2. I agree Debra. And Laura, thank you for the NotMom blog link. As a 40-year old woman without children and plans for tiny living, I have thought many times about the home I will build today and how I can implement ideas that will help me as I age.

  3. I agree Debra. And Laura, thank you for the NotMom blog link. As a 40-year old woman without children and plans for tiny living, I have thought many times about the home I will build today and how I can implement ideas that will help me as I age.

  4. I am 53 years old and went from being a healthy distance runner and family physician to being severely physically disabled in minutes with a spinal injury 10 years ago. We cannot assume that disability will only come with old age or that we will have time to prepare. We had planned and built a home in the country with an eye to it being our last move, but we did not prepare for someone who would have trouble with stairs, so there was not a first floor bedroom or full bath. We could have added on, but we began to realize that the cost of living and tax situation in NYS was ridiculous, our children would probably move elsewhere since jobs are nearly nonexistant here, our daughter hates cold weather and would want to be in the south, and once our children left home our house was way too big, it made no sense to add on. In other words, our present home no longer meets our needs. In many ways, this illustrates the advantages of a tiny house. It is unlikely you will need a smaller house if you start with the tiny house, but it can move with you if you need to relocate, plus you can expand if you need to due to changing circumstances such as health issues or additions to your household. It is nearly impossible to shrink an existing structure. We have purchased 5 acres east of Asheville and are working on house plans to accommodate my physical disability. In my experience as a family physician, having children is no guarantee that they will choose or be able physically or financially to help you later in life. I have known many patients with several children who were forced to live in nursing homes despite their children living in the same town and being physically and financially more than capable of caring for their parents, but they could not be bothered even to visit. There is no legal or cultural obligation in the US to take care of the people who gave you life. On the other hand, I have seen wonderful multigenerational households with enriching interdependent relationships that benefitted everyone. A small house could have many advantages for someone who is disabled. There are fewer steps to take or distance to cross, less to clean, less cost of upkeep and utilities for those on a fixed income. There are models with first floor beds, kitchens can be modified to have only the appliances actually needed, counters can be placed at the height that is comfortable. Careful planning can make the bathrooms more handicapped accessible, I would even consider a bathroom without walls, perhaps just a curtain to be pulled around for privacy when you have company, but a completely open bathroom with a self contained composting toilet and hand held shower wand would be easier to negotiate than the standard household full bath. There is no law to say that tiny homes have to be off grid if power is needed for medical equipment, but if there are major power needs, most likely you will be unable to live independantly anyway. These are some of my observations based on personal experience as a physician and as someone with a disability, I hope they are helpful and not too long winded.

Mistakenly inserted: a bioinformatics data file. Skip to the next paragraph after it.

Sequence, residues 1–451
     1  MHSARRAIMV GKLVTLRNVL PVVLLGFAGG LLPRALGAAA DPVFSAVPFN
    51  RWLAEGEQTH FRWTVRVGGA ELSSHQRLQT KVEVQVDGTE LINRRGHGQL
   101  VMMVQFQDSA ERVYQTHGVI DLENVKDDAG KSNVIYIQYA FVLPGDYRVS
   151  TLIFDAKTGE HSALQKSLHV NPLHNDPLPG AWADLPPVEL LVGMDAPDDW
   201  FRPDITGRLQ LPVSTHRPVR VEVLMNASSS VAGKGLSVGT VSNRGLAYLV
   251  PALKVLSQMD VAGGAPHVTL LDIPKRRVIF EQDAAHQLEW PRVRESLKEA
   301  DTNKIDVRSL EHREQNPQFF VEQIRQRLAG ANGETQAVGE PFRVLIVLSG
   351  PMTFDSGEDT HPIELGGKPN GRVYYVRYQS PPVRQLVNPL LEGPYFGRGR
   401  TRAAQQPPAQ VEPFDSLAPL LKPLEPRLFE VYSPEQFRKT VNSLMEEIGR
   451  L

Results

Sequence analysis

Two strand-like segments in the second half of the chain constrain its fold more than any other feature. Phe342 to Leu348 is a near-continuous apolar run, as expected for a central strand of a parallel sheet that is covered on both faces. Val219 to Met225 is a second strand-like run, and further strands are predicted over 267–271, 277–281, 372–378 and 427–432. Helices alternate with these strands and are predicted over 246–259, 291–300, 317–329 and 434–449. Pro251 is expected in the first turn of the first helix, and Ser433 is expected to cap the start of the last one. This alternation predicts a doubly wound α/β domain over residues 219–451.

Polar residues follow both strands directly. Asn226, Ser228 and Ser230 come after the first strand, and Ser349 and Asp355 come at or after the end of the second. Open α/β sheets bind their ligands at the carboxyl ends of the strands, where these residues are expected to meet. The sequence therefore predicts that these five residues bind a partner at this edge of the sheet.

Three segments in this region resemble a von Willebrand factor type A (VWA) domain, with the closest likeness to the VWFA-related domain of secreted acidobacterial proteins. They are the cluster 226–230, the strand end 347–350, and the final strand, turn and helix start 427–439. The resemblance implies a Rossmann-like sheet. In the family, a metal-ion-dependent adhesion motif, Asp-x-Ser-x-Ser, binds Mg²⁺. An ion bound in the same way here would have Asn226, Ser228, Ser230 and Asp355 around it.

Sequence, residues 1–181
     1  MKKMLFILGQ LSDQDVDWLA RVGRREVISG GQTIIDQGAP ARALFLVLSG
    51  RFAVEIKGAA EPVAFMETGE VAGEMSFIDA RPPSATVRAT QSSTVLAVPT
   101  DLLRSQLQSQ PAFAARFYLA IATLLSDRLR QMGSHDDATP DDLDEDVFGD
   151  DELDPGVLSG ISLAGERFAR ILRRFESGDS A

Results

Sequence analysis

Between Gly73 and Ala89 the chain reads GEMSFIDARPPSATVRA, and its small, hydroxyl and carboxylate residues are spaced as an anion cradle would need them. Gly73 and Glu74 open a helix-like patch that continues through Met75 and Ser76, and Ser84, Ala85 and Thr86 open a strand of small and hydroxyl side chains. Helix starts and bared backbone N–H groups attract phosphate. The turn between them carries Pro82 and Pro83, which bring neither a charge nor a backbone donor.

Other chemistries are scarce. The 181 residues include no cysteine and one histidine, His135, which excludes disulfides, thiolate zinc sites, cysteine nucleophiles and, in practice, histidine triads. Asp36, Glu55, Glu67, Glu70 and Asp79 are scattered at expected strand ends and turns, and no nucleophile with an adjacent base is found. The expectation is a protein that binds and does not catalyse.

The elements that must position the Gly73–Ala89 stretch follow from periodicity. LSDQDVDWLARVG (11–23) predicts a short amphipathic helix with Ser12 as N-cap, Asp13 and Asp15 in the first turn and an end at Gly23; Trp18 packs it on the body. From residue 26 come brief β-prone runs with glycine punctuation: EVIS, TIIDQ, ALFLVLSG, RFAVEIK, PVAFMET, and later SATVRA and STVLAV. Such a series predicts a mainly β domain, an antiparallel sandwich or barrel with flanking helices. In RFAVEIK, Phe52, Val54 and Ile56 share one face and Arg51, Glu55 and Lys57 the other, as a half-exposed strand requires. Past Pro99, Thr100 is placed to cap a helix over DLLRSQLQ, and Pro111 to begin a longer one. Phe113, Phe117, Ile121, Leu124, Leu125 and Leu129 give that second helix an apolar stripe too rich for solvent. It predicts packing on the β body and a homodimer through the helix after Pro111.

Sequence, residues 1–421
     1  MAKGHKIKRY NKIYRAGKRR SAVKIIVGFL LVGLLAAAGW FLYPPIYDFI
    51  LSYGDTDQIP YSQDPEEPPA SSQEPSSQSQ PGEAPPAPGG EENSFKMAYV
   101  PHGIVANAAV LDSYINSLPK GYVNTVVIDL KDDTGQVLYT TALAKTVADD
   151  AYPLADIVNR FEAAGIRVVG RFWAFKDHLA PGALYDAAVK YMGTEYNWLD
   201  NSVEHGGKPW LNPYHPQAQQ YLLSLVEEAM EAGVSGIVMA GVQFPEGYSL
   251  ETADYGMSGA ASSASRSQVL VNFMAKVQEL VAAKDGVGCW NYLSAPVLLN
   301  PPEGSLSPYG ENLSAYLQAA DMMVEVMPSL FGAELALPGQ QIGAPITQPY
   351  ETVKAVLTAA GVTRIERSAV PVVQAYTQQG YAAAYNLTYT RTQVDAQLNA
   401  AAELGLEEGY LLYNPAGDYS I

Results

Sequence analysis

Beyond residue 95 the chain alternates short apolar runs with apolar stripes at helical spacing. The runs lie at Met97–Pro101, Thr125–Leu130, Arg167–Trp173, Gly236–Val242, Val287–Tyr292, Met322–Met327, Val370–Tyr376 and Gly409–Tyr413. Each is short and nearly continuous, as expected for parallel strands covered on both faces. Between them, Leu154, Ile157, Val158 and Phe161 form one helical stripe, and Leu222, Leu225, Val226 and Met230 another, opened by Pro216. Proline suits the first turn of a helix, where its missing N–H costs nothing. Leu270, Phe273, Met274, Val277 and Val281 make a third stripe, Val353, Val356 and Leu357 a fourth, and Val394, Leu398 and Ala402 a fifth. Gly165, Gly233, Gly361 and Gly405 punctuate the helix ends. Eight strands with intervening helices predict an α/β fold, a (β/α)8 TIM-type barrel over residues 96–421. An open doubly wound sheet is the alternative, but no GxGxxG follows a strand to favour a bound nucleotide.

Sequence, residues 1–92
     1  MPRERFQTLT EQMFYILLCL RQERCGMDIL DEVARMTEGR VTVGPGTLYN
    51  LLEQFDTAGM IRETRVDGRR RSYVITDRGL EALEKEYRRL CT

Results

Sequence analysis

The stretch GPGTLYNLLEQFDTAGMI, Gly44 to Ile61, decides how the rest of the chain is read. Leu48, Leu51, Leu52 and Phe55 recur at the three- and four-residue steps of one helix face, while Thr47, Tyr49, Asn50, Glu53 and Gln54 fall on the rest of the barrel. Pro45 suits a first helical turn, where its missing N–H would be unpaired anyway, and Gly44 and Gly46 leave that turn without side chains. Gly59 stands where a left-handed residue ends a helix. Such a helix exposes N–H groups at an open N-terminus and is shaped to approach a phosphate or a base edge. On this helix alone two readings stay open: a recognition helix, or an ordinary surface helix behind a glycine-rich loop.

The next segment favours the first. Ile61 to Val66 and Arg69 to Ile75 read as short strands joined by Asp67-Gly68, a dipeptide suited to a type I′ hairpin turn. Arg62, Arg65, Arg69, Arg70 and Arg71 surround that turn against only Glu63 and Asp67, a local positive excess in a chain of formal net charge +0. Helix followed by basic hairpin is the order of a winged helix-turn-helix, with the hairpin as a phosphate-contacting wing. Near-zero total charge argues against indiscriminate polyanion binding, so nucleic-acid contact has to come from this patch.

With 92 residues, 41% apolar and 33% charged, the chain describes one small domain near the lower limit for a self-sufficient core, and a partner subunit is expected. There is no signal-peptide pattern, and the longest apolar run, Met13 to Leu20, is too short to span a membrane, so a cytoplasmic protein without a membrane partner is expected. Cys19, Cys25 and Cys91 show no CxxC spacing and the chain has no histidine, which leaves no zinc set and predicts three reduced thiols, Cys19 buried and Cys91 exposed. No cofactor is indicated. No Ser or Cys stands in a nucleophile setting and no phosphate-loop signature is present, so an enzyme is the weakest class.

1. Thanks, I could not have said it better myself!
      In my experience...Never depend on anyone except yourself!!!
      Be prepared!! And never just assume your kids will drop everything to be a full time caregiver! And don't make them feel obligated!
      Have a plan!! And I am sure if our kids are truly needed they will do the best they can to help!!